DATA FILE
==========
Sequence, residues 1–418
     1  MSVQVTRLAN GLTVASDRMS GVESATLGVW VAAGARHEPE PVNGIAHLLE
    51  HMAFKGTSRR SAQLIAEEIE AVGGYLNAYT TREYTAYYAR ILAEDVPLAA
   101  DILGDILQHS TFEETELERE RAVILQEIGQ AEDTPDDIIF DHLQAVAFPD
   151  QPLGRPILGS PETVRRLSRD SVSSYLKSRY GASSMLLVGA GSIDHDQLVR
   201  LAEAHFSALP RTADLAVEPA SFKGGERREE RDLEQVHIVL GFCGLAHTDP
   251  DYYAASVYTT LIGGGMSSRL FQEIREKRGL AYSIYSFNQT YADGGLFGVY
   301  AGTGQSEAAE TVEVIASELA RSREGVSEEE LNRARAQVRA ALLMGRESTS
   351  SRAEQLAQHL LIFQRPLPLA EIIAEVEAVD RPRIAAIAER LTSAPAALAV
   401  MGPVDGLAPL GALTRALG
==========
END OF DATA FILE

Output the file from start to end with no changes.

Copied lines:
Sequence, residues 1–418
     1  MSVQVTRLAN GLTVASDRMS GVESATLGVW VAAGARHEPE PVNGIAHLLE
    51  HMAFKGTSRR SAQLIAEEIE AVGGYLNAYT TREYTAYYAR ILAEDVPLAA
   101  DILGDILQHS TFEETELERE RAVILQEIGQ AEDTPDDIIF DHLQAVAFPD
   151  QPLGRPILGS PETVRRLSRD SVSSYLKSRY GASSMLLVGA GSIDHDQLVR
   201  LAEAHFSALP RTADLAVEPA SFKGGERREE RDLEQVHIVL GFCGLAHTDP
   251  DYYAASVYTT LIGGGMSSRL FQEIREKRGL AYSIYSFNQT YADGGLFGVY
   301  AGTGQSEAAE TVEVIASELA RSREGVSEEE LNRARAQVRA ALLMGRESTS
   351  SRAEQLAQHL LIFQRPLPLA EIIAEVEAVD RPRIAAIAER LTSAPAALAV
   401  MGPVDGLAPL GALTRALG